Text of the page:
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Old Lenape village suffers sneak attack

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BLACK CREEK VILLAGE, N.J. - Town bulldozers started to level a 10,000-year-old Lenni Lenape settlement the last week in May as archaeologist Richard Patterson stood in court battling to save it.

And on May 30, Patterson and two reporters were arrested on the orders of the Vernon Township council as they tried to document the damage.

A temporary restraining order from the Sussex County Superior Court prevented total desecration, but the fight to preserve the Black Creek Village archaeological site is shaping up as a classic development-preservation clash.

The site, which Patterson says is the heart of a prehistoric mining complex showing 10 millennia of artifacts, lies on land on which the Vernon town council wants to build baseball fields. In spite of protests from Patterson and survivors of the widely dispersed Lenni Lenape, the council tried to push the project through.

It even broke its own agreement to wait for alternative plans, said Gregory Werkheiser, a Washington, D.C., attorney who entered the fray.

He said the town leaders "seem totally insensitive to what it is they're doing. They don't seem to care."

Long before the bulldozers went in, the council scheduled a June 1 hearing on a plan offered by the Vernon Civic Association to save the site. The association offered alternate land to replace the 23-acre site, said Urie Ridgeway, a local member of the Nanticoke Lenni Lenape.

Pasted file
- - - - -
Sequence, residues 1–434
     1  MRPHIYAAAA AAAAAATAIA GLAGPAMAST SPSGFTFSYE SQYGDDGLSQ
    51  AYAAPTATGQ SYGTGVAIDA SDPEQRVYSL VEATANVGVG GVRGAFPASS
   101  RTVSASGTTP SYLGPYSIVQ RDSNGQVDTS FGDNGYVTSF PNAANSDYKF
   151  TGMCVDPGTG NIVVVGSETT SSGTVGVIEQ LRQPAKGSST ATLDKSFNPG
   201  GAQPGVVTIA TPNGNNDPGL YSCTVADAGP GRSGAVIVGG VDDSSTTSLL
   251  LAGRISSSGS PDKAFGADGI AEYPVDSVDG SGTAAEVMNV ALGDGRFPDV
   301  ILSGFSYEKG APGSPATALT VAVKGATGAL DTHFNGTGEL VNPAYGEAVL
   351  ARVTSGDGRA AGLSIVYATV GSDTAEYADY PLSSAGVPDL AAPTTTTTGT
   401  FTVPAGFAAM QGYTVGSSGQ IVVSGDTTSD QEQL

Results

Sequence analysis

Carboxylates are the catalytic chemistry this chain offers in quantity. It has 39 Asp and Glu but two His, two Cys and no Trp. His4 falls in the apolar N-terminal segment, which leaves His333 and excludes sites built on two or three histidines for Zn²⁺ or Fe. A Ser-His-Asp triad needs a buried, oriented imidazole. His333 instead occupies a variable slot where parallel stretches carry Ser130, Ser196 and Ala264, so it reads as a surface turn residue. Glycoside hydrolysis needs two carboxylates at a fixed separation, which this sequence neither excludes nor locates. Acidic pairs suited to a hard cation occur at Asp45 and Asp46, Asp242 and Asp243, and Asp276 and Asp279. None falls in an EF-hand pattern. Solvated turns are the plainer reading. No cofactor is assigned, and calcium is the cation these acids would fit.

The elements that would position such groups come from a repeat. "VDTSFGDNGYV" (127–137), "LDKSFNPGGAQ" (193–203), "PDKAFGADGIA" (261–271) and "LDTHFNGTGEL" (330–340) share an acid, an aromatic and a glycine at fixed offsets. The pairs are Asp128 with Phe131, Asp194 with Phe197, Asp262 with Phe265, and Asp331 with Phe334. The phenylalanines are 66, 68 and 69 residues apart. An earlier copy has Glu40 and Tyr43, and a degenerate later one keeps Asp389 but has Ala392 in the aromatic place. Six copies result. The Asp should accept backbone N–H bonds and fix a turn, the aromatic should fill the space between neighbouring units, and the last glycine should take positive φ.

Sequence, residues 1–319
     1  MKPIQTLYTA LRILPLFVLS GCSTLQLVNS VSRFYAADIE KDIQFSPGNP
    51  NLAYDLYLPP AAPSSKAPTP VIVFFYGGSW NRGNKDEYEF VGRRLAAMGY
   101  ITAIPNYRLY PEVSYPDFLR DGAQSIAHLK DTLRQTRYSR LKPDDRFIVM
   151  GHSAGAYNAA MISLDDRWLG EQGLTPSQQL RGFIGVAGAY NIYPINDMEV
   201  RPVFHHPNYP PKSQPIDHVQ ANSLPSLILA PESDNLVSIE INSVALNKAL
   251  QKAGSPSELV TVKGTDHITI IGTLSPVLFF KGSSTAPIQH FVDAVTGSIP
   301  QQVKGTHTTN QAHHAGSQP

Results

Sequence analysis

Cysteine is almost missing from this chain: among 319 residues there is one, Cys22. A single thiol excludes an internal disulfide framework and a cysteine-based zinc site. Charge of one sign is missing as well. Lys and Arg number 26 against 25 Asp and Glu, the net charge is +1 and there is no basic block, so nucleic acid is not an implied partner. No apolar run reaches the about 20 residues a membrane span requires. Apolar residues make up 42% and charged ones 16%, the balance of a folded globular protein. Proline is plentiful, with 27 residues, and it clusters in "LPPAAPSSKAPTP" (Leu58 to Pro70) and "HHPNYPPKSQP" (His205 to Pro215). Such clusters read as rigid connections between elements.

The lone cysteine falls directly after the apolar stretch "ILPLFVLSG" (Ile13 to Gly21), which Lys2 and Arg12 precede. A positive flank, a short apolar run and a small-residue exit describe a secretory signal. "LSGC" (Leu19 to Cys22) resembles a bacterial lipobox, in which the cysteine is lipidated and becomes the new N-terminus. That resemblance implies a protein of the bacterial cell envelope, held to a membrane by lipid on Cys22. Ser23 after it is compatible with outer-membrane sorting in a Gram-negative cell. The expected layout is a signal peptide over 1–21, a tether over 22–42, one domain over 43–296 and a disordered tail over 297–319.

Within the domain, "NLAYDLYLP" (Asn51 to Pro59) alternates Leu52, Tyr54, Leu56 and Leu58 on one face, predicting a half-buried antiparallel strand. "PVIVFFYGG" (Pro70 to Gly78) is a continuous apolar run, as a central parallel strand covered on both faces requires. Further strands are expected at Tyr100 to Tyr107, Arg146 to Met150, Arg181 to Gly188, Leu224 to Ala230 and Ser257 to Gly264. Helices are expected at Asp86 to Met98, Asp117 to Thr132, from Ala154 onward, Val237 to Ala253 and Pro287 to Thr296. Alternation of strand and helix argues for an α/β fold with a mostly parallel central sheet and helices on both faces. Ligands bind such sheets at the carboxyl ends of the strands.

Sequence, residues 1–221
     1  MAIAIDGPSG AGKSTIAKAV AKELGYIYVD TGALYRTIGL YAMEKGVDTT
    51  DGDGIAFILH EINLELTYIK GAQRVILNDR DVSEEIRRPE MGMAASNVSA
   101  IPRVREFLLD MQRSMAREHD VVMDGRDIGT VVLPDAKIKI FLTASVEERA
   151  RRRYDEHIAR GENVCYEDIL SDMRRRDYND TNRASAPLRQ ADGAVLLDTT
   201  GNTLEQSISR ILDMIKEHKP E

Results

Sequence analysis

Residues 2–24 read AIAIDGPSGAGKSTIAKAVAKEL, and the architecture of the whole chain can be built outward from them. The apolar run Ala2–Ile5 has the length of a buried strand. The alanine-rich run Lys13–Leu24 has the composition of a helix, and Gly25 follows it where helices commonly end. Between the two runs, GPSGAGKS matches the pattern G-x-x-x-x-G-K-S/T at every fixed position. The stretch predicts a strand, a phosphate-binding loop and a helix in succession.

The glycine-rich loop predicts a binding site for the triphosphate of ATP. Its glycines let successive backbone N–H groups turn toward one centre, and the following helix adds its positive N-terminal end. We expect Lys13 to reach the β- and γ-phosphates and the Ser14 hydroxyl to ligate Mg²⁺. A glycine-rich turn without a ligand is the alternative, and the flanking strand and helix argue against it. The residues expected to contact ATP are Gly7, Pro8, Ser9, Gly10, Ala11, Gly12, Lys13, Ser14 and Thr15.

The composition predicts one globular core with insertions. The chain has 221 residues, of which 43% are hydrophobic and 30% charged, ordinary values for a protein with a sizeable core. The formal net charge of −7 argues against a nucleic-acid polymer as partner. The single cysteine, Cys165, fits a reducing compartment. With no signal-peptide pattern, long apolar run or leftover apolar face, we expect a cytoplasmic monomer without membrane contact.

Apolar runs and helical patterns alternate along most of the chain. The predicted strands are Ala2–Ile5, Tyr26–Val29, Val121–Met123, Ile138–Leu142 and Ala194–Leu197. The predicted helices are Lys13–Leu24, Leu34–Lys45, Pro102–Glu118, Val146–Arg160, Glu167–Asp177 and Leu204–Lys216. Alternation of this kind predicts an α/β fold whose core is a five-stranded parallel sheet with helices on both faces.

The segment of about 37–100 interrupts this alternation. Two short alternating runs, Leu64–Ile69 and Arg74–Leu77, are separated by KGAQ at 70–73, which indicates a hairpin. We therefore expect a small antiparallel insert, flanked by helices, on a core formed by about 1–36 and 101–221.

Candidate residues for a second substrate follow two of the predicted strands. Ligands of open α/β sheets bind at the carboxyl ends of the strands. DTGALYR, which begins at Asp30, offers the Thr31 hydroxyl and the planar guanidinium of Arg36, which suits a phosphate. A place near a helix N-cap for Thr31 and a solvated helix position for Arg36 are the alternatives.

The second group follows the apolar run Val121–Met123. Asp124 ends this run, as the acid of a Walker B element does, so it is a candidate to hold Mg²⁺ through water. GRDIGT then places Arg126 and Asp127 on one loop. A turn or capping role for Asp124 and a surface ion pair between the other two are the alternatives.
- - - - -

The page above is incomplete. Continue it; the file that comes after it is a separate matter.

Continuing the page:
The council gave the Civic Association a June 1deadline to submit its plan, but started work a week early, Ridgeway said.

As outrage swept the Lenape community, Patterson went to court for a temporary restraining order, acting as his own attorney. Werkheiser joined the case soon after, representing the Nanticoke tribe.

The restraining order expires on June 6, and the New Jersey court will hold a hearing on motions for a longer term injunction against the town.

Speaking two hours after his arrest, Patterson called Black Creek Village "a large site, showing evidence of 10,000 years of inhabitation." He said it was a center for mining stone tips from several large chert veins.

"We have point styles from 8000 B.C.," he said, and signs of continuous inhabitation "right up to contact with the European intrusive civilizations in the form of trade beads."

A professional field archaeologist with a consulting firm, Patterson said he had been mapping the site for 10 years. "I live in Vernon Township in the Valley of Black Creek. This has all been a labor of love on my part."

He said he was arrested for trespassing by Vernon town police as he took two news photographers to the damaged site, which he said was on public park land.

He and the newsmen were released shortly afterward. "They could have issued a warning, but the police had orders to arrest."

Asked to explain the behavior of the town council, he said, "If you wanted to cast a really horrible B movie with wasicu (white) killers, that would be the township council.

"It's unbelievable, but it's happening."